2012 Wimbledon

Wimbledon 2012: Why Andy Murray Is Poised to Win His 1st Championship

LONDON, ENGLAND - JULY 03:  Andy Murray of Great Britain celebrates match point during his Gentlemen's Singles fourth round match against Marin Cilic of Croatia on day eight of the Wimbledon Lawn Tennis Championships at the All England Lawn Tennis and Croquet Club on July 3, 2012 in London, England.  (Photo by Paul Gilham/Getty Images)
Paul Gilham/Getty Images
John RichardsonCorrespondent IJuly 3, 2012

Andy Murray has been so close, yet so far in his attempts to capture his first Wimbledon title.

For the past three years, Murray has strolled to the semifinals and then crashed out to the superior Rafael Nadal (2011 and 2010) and Andy Roddick (2009).

This time around, he has marched his way to the quarterfinals and remains relatively unscathed. He romped to victory against the unseeded Nikolay Davydenko in straight sets. From there, he maneuvered his way past the unseeded Ivo Karlovic, 7-5, 6-7, 6-2, 7-6.

In the third round, he took on another unseeded player in Marcos Baghdatis, who he defeated 7-5, 3-6, 7-5, 6-1.

Finally, in his fourth-round matchup, he clinically dismantled the 16th-seeded Marin Cilic in straight sets, 7-5, 6-2, 6-3.

Murray will now face seventh-seeded Spaniard David Ferrer, who took down former US Open champion Juan Martin del Potro in comprehensive fashion (6-3, 6-2, 6-3). The two have met on 10 previous occasions, and the series is currently even at 5-5.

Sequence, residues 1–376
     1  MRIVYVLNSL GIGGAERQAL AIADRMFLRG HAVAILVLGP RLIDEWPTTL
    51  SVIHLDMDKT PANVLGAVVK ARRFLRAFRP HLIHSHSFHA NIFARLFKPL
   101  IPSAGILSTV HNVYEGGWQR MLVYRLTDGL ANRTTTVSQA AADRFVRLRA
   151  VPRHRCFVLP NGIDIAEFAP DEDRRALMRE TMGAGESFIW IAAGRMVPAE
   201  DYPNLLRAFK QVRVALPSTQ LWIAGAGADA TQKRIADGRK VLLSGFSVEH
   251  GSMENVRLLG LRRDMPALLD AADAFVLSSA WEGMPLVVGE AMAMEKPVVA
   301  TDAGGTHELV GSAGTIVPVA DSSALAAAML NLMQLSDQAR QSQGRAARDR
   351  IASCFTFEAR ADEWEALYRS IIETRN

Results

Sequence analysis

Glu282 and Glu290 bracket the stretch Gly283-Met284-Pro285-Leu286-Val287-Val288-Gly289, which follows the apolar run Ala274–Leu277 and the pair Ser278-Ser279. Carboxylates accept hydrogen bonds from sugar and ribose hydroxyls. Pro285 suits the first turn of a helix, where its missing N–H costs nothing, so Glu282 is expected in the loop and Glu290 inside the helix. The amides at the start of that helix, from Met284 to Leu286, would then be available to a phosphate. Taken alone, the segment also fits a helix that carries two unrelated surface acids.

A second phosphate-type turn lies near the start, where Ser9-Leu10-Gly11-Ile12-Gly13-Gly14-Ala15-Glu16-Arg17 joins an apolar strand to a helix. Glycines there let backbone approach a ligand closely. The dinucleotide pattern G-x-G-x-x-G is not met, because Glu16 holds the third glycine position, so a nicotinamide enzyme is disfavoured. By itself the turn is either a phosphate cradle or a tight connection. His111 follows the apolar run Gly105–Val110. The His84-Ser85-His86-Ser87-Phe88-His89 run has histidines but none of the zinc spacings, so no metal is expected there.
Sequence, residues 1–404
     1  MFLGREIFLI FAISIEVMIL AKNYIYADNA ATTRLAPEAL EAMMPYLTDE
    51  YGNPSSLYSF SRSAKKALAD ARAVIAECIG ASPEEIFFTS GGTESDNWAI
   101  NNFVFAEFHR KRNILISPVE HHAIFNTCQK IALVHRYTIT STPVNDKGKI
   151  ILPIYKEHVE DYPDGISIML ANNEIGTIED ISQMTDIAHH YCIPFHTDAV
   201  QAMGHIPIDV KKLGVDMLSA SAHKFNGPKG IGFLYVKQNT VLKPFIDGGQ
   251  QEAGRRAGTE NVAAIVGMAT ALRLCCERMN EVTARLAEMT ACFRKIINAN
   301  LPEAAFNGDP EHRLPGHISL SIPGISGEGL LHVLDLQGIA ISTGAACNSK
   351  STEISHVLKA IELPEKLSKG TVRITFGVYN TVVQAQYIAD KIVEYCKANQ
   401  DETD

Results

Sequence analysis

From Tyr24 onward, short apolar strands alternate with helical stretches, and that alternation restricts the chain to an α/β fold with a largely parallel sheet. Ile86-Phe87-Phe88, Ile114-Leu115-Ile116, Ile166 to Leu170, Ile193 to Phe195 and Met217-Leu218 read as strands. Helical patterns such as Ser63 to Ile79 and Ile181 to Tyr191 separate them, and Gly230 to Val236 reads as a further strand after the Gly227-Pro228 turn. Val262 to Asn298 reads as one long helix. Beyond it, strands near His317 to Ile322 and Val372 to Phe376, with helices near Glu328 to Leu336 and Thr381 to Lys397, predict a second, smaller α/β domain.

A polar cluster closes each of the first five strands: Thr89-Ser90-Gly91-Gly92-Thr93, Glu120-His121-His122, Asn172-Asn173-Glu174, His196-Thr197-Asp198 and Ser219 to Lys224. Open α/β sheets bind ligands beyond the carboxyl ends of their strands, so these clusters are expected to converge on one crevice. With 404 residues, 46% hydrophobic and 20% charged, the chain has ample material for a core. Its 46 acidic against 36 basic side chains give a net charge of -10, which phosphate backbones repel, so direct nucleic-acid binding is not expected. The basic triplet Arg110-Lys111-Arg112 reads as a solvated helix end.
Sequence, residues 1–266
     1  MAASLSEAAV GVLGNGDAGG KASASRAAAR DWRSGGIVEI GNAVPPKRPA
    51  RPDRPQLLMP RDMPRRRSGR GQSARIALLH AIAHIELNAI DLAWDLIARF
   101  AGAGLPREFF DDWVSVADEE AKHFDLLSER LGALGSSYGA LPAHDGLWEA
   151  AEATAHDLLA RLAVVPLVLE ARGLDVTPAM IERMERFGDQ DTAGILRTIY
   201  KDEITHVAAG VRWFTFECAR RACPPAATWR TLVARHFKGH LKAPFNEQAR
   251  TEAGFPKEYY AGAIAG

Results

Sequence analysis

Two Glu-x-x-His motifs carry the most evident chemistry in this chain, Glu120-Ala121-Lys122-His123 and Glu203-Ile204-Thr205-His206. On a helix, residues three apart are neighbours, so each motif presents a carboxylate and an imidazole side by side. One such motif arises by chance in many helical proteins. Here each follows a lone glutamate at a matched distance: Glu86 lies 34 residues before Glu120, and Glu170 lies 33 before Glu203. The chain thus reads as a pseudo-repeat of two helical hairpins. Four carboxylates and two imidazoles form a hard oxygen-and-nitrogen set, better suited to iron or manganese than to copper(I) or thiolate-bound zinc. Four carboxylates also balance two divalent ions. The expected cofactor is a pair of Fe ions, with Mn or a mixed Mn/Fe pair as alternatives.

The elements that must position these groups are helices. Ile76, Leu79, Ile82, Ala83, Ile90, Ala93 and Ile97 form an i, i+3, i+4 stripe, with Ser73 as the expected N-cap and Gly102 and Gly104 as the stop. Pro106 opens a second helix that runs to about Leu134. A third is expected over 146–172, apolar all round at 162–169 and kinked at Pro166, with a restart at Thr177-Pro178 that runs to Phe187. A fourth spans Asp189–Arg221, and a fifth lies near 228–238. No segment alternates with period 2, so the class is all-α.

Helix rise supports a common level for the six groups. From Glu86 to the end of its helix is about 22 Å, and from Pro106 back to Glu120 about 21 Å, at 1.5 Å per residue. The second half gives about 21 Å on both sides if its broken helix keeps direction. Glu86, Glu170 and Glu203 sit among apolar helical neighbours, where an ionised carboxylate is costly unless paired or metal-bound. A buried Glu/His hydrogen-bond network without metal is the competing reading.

Murray may have the upper hand at Wimbledon since this is the first time Ferrer has made it to the quarterfinal stage.

Victory is by no means a formality, but if he can show some of the form that has earned him his high ratings on grass, Murray should get the job done.

LONDON, ENGLAND - JULY 02:  Andy Murray of Great Britain returns the ball during his Gentlemen's Singles fourth round match against Marin Cilic of Croatia on day seven of the Wimbledon Lawn Tennis Championships at the All England Lawn Tennis and Croquet C
Paul Gilham/Getty Images

He will rely on his consistent backhand and his strong first serve in order to propel him into the next round.

Should he make it to the semifinals, the draw is significantly in his favor. There he would either play 27th-seeded Philipp Kohlschreiber or fifth-seeded Jo-Wilfried Tsonga.

He will not have to come up against the No. 3 seed (Roger Federer) or the No. 1 seed (Novak Djokovic), until the final.

If he can get past the curse of the semifinals and into his first final, Murray will have his work cut out for him against one of the world's best.

While it will certainly be a stretch for Murray, he can take some hope from the fact that Federer has been struggling with a back problem he sustained in his match with Xavier Malisse, and that he leads 3-2 in finals against Djokovic.

With the Wimbledon crowd willing Murray on to become to first British men's champion since Fred Perry in 1936, this could be his best chance.


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